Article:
This is why regular vaccinations are very important, because if your cat encounters one of the strains included in their vaccine, your cat will probably show nothing more than sneezing and a runny nose. However, there is a slight chance that they may catch a strain that has mutated over time. If this happens, your kitty may develop ulcers on the tongue, throat, roof of the mouth, and around their nose—take them to your vet for treatment at once!

2. Bacterial Infections 

There are three main bacterial infections that cause cold-like symptoms in cats: mycoplasma pneumoniae (feline infectious anemia), bordetella bronchiseptica (feline kennel cough), and chlamydia psittaci (feline chlamydiosis). Fortunately, all of these infections can be remedied with antibiotics.

If your cat shows symptoms of a cold plus conjunctivitis (similar to “pink eye” in humans), they may have contracted Mycoplasma, which is very common, or possibly the rarer Chlamydia.  If he or she has a cold accompanied by coughing and gagging, it’s possible they have kennel cough, although this is rare in cats. Your veterinarian will know how to test for these infections and will prescribe the best medicine for whatever infection it is.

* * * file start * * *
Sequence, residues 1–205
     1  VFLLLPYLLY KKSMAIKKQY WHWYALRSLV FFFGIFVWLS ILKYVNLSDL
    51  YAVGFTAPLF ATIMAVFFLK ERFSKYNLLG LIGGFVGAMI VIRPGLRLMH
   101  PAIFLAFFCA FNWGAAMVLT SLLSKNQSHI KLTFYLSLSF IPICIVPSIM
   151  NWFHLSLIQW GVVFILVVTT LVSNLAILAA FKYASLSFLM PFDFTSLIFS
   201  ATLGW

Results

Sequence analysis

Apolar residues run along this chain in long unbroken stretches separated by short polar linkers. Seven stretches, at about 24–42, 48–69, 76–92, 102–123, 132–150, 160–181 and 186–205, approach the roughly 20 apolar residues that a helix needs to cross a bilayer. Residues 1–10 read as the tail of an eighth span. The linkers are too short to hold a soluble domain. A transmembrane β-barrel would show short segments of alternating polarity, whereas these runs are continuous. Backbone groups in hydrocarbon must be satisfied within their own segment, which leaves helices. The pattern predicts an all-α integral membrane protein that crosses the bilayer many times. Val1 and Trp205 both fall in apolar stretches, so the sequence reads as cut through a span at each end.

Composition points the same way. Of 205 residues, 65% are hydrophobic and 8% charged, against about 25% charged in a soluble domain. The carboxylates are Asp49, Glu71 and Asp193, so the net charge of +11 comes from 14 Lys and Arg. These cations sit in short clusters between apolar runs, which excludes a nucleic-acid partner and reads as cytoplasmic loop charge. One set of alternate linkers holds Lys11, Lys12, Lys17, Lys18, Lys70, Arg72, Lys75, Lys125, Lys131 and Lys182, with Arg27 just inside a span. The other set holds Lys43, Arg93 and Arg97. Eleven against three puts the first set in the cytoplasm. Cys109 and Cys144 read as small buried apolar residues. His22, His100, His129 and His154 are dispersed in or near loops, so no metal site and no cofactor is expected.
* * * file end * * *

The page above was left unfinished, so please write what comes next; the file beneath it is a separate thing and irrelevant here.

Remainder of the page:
How to Prevent Your Cat from Catching a Cold

You can introduce viruses and bacteria into your home on your clothes or your skin, which means that even an indoor cat can catch a virus or any other infection. Most cats catch illnesses from other, unvaccinated cats. If you have more than one pet, or if you let your cat outside even for brief periods of time, it is doubly important to use precautions.

  • Make sure your kitty has all the booster shots they need as advised by your veterinarian.
  • Ask your vet if there is any merit in taking a supplement when your cat is under stress—moving, leaving home for any reason, introducing a change into the household—to keep their immune levels at maximum.
  • Regularly clean and disinfect items that your cat shares with any other pets (e.g. litter boxes, bowls, blankets, beds, and carriers).
  • Make sure that any new pets introduced into the household have been checked over by a veterinarian.

How to Reduce Kitty’s Discomfort if They Have a Cold

There are some things you can do to reduce kitty’s discomfort if and when he or she has a cold:

  • Never give your kitty medications intended for humans, but do make sure you give them all the medication prescribed by their veterinarian for as long as you are directed. Don’t stop just because your pet seems better. If you’re having a hard time persuading them to take the medication, ask your veterinarian for help.
  • If a stuffy nose keeps kitty from eating a normal amount of food, try enticing them with special treats. You can also try soaking dry food in warm water, or offering a little wet food.
  • Keep an eye on their water bowl and make sure they’re drinking as usual, and urinating and defecating normally. If there are any issues, consult your veterinarian.
  • Playing with your cat to keep them happy in a hot and steamy bathroom may help open up your cat’s airways and make them more comfortable.